Adenocarcinoma of the uterine cervix compared with squamous cell carcinoma: a 12-year study in Southampton and South-west Hampshire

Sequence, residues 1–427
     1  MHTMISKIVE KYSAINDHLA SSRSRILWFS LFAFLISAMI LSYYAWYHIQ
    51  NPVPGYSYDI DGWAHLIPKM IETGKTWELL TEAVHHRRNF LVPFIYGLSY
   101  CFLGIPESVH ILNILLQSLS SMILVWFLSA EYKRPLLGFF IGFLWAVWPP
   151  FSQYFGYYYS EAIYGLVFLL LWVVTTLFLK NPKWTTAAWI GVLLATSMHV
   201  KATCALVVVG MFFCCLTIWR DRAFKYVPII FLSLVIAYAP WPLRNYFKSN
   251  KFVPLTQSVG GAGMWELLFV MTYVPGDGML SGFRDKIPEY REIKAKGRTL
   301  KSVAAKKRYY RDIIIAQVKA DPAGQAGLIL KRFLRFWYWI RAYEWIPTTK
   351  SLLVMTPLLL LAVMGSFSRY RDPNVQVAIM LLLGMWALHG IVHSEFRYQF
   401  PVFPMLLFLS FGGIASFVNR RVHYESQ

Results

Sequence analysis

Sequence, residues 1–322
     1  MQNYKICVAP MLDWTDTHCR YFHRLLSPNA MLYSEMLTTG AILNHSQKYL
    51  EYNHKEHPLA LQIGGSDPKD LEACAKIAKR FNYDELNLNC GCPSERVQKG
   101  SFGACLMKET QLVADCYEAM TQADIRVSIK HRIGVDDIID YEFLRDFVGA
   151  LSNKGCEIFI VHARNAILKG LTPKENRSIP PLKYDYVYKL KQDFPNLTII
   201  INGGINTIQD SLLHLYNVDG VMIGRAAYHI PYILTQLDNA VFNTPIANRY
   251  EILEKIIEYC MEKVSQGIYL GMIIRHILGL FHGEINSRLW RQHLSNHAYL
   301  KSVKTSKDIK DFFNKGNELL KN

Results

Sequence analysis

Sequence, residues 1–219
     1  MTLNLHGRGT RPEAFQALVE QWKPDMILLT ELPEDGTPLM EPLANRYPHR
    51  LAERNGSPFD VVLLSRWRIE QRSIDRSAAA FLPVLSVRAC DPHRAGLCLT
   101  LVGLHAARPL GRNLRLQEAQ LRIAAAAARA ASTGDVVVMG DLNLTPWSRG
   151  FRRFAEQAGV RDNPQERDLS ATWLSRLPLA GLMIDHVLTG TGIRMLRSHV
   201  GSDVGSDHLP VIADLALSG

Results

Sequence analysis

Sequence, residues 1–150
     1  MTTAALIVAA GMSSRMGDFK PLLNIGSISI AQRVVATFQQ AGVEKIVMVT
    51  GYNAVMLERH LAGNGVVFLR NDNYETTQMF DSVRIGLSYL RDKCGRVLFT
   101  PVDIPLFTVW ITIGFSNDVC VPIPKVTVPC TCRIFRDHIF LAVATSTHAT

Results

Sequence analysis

In a 12-year study of the population of Southampton and South-west Hampshire (SSWH), there was no rise or fall in the incidence of adenocarcinoma of the uterine cervix, although the incidence of squamous cell carcinoma fell from 14 to 7.2 per 100 000 women years and the overall fall in age-adjusted incidence of cervical carcinoma was commensurate with that of England and Wales. The majority (59%) of adenocarcinomas were seen in women aged less than 50, supporting the concept of a higher risk in young women. Screen-detected carcinomas accounted for 50% of adenocarcinomas and 41% of squamous cell carcinomas in women aged 20–64 (the difference was not significant). There were more screen-detected adenocarcinomas of less than 3 mm depth of invasion and 7 mm lateral extension during the third period of the study (1991–1993). The results are consistent with reports of an increased risk of cervical cancer in women born since 1940, and lesser effectiveness of screening in preventing adenocarcinoma compared with squamous cell carcinoma. High prevalence of early screen-detected carcinomas may have been a factor in recent reports of increased incidence of adenocarcinoma.